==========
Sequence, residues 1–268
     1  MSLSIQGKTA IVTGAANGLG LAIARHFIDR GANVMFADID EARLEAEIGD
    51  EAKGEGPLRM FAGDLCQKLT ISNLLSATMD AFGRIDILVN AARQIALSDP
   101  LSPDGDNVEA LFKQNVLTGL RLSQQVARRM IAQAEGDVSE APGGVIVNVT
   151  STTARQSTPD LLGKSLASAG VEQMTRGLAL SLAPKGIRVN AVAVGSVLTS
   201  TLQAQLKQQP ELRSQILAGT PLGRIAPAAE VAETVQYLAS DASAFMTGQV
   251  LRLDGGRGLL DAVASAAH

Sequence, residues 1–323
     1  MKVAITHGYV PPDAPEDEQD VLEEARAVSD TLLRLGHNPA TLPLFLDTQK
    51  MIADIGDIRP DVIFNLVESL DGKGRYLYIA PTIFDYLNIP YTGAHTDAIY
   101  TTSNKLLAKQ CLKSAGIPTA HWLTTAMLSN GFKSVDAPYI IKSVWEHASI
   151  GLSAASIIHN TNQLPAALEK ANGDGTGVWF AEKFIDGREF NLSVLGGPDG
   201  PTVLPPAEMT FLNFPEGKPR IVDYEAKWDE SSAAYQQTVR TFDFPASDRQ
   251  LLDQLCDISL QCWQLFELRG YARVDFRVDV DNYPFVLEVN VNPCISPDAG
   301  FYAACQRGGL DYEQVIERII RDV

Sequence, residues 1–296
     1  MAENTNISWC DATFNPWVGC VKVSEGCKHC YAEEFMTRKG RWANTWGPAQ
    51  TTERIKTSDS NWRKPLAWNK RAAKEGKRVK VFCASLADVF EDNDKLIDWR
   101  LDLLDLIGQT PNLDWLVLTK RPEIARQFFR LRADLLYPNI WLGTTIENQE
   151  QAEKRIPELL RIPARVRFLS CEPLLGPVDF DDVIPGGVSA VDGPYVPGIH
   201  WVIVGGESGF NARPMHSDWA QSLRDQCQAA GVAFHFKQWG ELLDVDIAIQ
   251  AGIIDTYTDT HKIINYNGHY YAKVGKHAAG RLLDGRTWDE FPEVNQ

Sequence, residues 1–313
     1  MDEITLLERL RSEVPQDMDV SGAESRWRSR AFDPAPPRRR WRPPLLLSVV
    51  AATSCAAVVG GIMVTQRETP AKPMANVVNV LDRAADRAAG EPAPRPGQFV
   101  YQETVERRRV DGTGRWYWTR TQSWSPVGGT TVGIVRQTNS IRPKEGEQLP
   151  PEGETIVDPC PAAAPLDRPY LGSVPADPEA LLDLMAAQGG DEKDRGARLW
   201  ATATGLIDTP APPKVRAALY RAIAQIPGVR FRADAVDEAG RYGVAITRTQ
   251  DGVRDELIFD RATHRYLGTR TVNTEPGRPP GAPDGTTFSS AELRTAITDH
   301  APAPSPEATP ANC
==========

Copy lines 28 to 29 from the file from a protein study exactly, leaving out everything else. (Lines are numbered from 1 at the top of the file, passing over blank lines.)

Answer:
   201  ATATGLIDTP APPKVRAALY RAIAQIPGVR FRADAVDEAG RYGVAITRTQ
   251  DGVRDELIFD RATHRYLGTR TVNTEPGRPP GAPDGTTFSS AELRTAITDH